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The US Drug War and the Akha

The Thai American drug war of 2003 left thousands dead in Thailand, many of them hill tribe. The situation could have been much worse for the hill tribe had there been less vigilance and protest that hill tribe would be singled out.


In the downloads section you can look at a pdf journal of 2003 that give specifics of these cases.


Overview
A simple cause and effect situation has led to an enormous, complicated issue resulting in the intense abuse and discrimination that the Akha suffer today. A simplified account: the Akha are traditional opium cultivators. They have been smoking opium for years as a kind of mountain pharmeceutical, a pain reliever useful to a people who work laboriously with the land. When modernization and thus poverty struck, addiction and production rose for relief and profit. The Akha turned to drugs to survive. At times they were FORCED to turn to drug culitvation by corrupt law enforcement or others. As they were exploited, they despaired and learned to exploit. The Thai government, which if not directly caused these changes at least allowed it to happen, now punish the people as a whole for the ëmistakesí of a few. Thailand has a gleaming record of cooperation with international and national drug enforcement agencies, and continue to receive funding to squash drug production and trade. In other words, outside taxpayerís money, particularly that of the United States although through international organizations as well, are going directly to the Thai army, directly to the men who beat senseless or dead innocent people, the men who imprison Akha without cause. Is your country funding human rights violations in the name of the drug war?

Commentary
One is hardly surprised that the Akha can't figure out what is expected of them. 
In nearly a hundred years, opium and heroin have been great western scandals imposed on the region of the Golden Triangle. 
Now in these later years, it is the western moralists who watch while unreal quantities of elicit drugs flow to the west, and at the same time a "Drug War" is prosecuted in the region. 

The Thais learned to dance to this music, and though the flow of drugs have not decreased, but rather increased exponentially, the use of the drug war has been most instrumental in bashing the hilltribe. 

The trademark of drugs is that they take precursor chemicals for refinement and production.  These and the finished product take transport and financial transactions which ultimately end up in banking related paperwork. Few people realize that annual financial transactions for heroin shipped to the west are in the billions of dollars.  This is not all cash that is moved in handbags. There is a paper trail.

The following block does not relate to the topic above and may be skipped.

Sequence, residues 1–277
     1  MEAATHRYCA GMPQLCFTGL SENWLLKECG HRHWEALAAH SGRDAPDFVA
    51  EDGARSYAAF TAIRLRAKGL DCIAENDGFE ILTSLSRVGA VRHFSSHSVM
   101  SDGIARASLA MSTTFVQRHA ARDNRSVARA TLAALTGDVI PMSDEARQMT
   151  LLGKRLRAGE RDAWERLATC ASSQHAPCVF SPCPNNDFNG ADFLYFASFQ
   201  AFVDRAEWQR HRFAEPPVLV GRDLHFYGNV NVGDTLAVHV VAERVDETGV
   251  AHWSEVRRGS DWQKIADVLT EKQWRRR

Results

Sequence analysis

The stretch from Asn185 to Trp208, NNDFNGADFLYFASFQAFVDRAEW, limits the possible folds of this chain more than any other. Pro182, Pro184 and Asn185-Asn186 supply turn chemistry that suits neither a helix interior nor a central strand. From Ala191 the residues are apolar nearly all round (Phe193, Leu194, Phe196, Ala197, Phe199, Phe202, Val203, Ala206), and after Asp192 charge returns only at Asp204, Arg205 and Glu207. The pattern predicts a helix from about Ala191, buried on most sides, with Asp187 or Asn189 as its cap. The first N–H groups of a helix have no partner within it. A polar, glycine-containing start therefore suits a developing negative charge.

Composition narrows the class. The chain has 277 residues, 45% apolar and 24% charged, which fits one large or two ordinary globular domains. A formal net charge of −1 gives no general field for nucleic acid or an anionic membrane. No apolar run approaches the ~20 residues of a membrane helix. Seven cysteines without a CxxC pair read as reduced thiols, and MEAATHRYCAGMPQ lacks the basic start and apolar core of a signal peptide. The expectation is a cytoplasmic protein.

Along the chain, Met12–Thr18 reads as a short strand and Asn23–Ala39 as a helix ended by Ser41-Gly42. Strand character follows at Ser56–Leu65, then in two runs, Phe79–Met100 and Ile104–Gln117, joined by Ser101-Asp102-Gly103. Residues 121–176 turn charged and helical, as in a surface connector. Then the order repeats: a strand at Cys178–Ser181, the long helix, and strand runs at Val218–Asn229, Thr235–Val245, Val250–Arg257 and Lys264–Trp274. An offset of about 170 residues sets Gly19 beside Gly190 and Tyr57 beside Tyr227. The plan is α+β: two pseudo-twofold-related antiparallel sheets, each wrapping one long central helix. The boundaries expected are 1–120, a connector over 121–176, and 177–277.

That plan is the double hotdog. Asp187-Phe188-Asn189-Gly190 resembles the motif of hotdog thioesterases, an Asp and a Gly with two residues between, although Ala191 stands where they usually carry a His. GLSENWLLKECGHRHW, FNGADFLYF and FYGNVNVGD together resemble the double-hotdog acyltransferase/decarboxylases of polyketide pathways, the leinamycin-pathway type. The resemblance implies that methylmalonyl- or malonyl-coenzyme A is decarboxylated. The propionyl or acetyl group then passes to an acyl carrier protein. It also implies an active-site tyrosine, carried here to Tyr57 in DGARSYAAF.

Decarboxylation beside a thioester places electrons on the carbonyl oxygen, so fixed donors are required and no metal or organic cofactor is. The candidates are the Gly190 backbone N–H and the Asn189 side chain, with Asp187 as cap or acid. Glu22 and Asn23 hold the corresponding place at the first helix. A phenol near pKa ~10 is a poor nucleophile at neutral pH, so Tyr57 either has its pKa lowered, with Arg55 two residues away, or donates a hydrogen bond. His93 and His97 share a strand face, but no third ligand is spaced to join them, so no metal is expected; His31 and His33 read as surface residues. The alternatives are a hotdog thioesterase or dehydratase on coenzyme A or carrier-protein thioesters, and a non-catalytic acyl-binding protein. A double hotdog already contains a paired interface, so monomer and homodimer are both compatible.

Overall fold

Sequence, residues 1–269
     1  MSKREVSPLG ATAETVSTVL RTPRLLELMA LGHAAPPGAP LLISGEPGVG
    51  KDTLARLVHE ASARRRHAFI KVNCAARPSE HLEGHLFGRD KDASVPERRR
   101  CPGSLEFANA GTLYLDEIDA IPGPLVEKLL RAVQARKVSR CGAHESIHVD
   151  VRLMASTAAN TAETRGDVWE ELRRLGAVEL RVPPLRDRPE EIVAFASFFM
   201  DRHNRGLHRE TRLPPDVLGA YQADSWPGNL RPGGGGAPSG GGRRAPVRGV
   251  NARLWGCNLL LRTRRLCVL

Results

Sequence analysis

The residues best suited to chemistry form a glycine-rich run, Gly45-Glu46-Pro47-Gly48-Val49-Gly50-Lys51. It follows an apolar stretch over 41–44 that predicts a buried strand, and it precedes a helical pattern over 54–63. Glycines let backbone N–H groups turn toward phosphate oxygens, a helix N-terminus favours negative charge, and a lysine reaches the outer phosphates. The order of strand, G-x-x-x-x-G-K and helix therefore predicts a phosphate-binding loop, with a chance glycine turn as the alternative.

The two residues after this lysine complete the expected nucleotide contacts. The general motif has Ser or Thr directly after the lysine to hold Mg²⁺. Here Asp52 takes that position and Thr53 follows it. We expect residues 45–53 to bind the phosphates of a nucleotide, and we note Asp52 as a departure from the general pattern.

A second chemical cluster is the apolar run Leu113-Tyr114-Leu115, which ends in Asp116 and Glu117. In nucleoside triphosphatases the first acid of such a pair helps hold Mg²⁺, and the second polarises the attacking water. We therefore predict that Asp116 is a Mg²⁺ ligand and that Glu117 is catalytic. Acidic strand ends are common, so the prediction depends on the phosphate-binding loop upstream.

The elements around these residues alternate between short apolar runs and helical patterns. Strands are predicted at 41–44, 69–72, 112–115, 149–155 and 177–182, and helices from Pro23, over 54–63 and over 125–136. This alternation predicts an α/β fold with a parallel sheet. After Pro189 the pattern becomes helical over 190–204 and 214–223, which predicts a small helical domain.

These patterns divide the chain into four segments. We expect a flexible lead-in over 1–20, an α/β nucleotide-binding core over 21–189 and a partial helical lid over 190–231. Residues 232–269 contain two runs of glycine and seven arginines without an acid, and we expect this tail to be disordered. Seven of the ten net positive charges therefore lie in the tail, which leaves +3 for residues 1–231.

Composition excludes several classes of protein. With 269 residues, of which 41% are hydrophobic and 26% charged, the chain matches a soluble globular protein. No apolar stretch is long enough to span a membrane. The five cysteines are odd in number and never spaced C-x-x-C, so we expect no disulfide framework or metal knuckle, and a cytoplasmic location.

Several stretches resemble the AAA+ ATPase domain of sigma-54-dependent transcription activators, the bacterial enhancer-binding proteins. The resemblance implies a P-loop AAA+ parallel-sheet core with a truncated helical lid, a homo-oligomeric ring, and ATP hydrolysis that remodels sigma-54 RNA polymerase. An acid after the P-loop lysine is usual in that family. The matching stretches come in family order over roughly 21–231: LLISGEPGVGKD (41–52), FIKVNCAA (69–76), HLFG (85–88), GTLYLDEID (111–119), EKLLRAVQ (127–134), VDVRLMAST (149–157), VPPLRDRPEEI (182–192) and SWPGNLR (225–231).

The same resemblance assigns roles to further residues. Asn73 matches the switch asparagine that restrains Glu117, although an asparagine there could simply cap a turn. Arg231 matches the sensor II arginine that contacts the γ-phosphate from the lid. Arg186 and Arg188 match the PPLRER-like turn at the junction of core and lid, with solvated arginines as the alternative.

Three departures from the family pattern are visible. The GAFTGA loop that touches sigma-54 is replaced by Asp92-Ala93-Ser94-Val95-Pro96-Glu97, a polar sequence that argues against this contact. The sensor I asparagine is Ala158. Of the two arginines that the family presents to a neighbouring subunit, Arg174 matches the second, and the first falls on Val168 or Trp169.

Yet few bankers are executed at their desks for failure to inspect money, and few transporters of chemicals have experienced the same fate.  But this treatment of the hilltribe is common.  Busts left up to poorly trained police and army end up in the death of suspected dealers without due process, and where the door is wide open to abuse. 

The issue of race is significant. 

In the good ole British days it was taken for granted that missionaries had a role in the opium trade as they were the only people who could tell outside traders what was giong on or organize it all. 

Though the total number of missionaries in the Golden Triangle region is limited, they now claim that there was no such opium connection and that there isn't now. 

Makes one wonder just where they get all the money, and what they are here for? 

Since compassion for the village and human rights conditions the Akha face sure isn't the reason. 

And if they don't know who is shipping out all the heroin today, then who would? 

The end result is that the Akha are blamed for the drug trade while they certainly are not doing the lion's share of it, and whoever is certainly is not being prosecuted at all. 

Khun Sa was blamed for the drug traffic, now that he is gone, Wei Hseuh Kang is blamed for it, funny that we never see a western face in the blame game? 

From "The Politics of Heroin In South East Asia" 1971 / 1991 Alfred McCoy
"Now they want to outlaw opium smoking. But if they outlaw opium, everyone in Vientiane will turn to heroin. Opium is not bad, but heroin is made with acid, which kills a man. In Thailand Marshal Sarit outlawed opium [1958-1959], and now everybody takes heroin in Thailand. Very bad.
In Hong Kong, Iran, and Thailand repressive antiopium campaigns have driven the population to heroin and magnified the seriousness of the drug problem in all three nations. Vientiane's brand of no. 3 heroin seems to be particularly high in acid content, and has already produced some horribly debilitated zombie-addicts. One Laotian heroin pusher thinks that Vientiane's brand of no. 3 can kill a healthy man in less than a year. It would indeed be ironic if America's antidrug campaign drove Laos's opium smokers to a heroin death while it left the manufacturers and international traffickers untouched. "